With more and more movie streaming services popping up, it can feel impossible to keep track of what’s showing where. So to help, this October I’ll be recommending a different film every day from one such service that embodies the spooky spirit of the season. From classic Halloween movies to indie horror to campy dark comedies, this is 31 Days of a Very Chingy Halloween.
Today I’m looking at Dorohedoro, Q Hayashida’s psychedelic and sadistic buddy comedy, available to stream on Netflix.
There are two worlds in Dorohedoro, each inhabited by a different kind of people. The realm of Magic is the vibrant home of sorcerers who ply unique spells via smoke they expel from their fingers. The dystopian ghetto of Hole is where humans live. It’s a sprawling city, polluted and distorted by sorcerers who travel there to sadistically test out their abilities on unsuspecting people.
Kaiman is a Hole resident with the head of a ferocious reptile, and though he wasn’t always, he lacks any memory predating his beastly transfiguration. The only way for him to find out the truth of his past is to hunt down sorcerers with his best friend, a dumpling chef named Nikaido, and chomp down on their heads so they can talk to the mysterious man who lives in his throat. Meanwhile, En, the head of the most powerful magic mafia, has hired his two best hitmen, Shin and Noi, to exterminate the lizardman who’s making so much trouble for him.
Based on Q Hayashida’s manga by the same name, Dorohedoro is a visually overwhelming gorefest right out the gate, with a scene of Kaiman slicing a sorcerer into dozens of pieces in the opening moments being on the lighter side of its violence. And with only a baker’s dozen of 20- to 25-minute episodes, this psychedelic, supernatural saga is perfect to binge during the spooky season.
The animation (done by studio MAPPA) is vibrant and disturbing, bringing to life a cast of rogues, wizards and weirdos including our reptilian protagonist (who’s addicted to eating gyoza), a giant cockroach who can only screech the word “shocking,” a pint-sized bimbo sorceress prone to getting mangled in increasingly elaborate ways and a magic mafia boss who turns everything he touches into mushrooms. One of the most charming aspects about Q Hayashida’s art is the way she isn’t afraid to make her female characters just as monstrously buff and violent as the dudes, with carefree killer Noi a beautiful beefcake behemoth who towers over her mentor Shin (Nikaido is an equally brutal bruiser).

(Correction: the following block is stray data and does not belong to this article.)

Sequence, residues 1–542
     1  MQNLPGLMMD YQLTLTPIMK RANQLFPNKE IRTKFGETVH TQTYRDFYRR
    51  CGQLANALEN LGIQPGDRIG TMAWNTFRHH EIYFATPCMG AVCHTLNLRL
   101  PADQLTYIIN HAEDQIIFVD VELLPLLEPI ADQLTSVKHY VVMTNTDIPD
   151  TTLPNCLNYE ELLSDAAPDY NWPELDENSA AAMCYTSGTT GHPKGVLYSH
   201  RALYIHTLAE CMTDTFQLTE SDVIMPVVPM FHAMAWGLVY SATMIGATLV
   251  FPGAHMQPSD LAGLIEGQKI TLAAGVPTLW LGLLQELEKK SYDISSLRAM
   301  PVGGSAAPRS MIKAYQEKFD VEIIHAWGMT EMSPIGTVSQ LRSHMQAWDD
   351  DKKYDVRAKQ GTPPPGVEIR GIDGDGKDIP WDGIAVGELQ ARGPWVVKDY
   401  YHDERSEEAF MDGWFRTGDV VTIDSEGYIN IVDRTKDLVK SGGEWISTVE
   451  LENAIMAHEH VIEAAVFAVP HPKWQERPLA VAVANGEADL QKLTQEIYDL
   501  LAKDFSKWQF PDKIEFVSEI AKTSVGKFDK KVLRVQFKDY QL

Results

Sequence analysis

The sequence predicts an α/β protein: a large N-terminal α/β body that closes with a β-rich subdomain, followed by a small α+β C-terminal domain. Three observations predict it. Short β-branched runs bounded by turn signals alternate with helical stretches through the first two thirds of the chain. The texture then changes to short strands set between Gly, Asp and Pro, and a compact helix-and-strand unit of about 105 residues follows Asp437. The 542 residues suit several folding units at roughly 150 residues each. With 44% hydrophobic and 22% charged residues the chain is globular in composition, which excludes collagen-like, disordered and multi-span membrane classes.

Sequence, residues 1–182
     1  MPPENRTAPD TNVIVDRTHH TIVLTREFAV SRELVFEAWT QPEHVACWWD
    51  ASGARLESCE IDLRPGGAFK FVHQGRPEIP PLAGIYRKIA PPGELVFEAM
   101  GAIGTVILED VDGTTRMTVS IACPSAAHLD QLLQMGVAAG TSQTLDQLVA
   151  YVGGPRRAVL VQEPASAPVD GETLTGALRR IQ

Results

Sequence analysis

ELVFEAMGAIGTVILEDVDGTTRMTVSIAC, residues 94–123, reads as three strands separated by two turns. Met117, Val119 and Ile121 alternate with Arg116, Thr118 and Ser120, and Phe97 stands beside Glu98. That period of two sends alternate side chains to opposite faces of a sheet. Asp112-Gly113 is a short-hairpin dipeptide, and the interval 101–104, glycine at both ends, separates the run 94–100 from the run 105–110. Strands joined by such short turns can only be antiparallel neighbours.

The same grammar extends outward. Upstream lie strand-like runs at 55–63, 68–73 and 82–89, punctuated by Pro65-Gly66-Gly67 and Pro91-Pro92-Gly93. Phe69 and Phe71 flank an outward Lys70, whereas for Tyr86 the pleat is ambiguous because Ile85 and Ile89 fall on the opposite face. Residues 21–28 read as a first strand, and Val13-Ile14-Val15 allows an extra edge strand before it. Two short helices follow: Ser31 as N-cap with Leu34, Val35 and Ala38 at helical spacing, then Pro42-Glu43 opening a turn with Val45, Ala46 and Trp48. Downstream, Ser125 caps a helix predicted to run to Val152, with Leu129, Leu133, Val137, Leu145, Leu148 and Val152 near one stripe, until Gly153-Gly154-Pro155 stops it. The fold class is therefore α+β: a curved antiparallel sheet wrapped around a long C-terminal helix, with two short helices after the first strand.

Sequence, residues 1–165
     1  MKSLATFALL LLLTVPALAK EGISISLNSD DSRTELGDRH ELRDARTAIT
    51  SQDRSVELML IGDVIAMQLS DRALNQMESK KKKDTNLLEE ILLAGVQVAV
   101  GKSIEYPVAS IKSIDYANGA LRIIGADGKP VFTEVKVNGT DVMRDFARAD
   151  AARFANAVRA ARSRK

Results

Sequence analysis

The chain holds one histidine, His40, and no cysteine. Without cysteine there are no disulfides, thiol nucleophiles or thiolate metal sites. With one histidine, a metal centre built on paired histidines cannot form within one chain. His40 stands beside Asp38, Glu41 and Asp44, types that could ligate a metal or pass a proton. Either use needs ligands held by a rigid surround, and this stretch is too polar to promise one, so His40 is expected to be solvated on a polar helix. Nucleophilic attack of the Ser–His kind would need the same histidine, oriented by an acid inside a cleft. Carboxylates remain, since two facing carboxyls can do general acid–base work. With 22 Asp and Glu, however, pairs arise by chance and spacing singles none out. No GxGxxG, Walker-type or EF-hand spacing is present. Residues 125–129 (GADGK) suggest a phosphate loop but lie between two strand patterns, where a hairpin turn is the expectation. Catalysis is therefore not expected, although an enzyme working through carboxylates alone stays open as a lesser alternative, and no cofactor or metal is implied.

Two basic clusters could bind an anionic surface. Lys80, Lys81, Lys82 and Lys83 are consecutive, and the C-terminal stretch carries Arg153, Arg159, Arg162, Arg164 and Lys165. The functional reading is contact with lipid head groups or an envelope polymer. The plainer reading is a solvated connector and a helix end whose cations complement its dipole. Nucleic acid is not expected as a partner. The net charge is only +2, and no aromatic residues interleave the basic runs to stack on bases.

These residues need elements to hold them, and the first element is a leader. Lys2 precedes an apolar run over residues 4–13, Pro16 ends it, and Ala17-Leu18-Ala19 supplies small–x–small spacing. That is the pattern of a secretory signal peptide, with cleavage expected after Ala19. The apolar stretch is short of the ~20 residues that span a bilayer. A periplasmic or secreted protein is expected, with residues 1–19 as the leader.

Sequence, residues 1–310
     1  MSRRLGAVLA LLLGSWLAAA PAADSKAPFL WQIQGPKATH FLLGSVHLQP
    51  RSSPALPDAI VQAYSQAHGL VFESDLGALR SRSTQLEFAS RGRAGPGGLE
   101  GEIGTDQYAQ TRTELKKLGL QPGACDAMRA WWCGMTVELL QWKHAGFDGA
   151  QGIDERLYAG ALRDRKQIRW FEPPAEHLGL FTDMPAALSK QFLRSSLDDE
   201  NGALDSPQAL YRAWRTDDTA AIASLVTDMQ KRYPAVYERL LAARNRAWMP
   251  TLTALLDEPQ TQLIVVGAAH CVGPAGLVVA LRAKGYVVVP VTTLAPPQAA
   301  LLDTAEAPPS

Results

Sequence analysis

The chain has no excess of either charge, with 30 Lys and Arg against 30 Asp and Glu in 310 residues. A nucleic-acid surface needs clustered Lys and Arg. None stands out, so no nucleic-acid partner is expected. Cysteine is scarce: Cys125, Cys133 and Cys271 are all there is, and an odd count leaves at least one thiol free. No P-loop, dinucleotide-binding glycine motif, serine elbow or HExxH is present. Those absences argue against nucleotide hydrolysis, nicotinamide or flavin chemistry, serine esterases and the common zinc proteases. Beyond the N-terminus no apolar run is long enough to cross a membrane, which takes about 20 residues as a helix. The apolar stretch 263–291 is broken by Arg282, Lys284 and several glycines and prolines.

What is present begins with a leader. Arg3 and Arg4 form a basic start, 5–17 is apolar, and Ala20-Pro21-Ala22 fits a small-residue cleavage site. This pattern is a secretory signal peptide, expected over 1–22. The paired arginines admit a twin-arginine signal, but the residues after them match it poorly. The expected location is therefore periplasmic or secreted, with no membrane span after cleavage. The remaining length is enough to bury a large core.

While you might come to Dorohedoro for the psychedelic violence, you’ll want to stay for the characters. It is, at its heart, a sitcom set in a nightmare realm where everybody happens to be a vicious murderer. While En and his team of sorcerers are technically antagonists, there’s no real villain here, just a bunch of charming anti-heroes on opposite sides. We spend just as much time getting to know them for all their foibles and idiosyncrasies, and while Kaiman’s quest drives the story, many episodes are just as content to let you hang out with each band of silly psychopaths as they work odd jobs, play baseball or compete in pie-selling competitions.
Impressively, despite Dorohedoro’s constant onslaught of high-octane hyperviolence, it manages to avoid painting its cast of killers as strictly amoral, maintaining a beating emotional heart. No central character’s express goal is cruelty, but each is driven to their gory means by personal and societal circumstances — they’re mostly just trying to protect the few people they care about at any cost, and everybody is just doing the most logical thing they can in their highly illogical world. Sometimes that means chomping down on sorcerer skulls or turning a room full of people into mincemeat. Sometimes that just means vibing with the homies. Either way, Dorohedoro is one to watch.
To see a list of each of the previous entries, check out the A Very Chingy Halloween list on Letterboxd.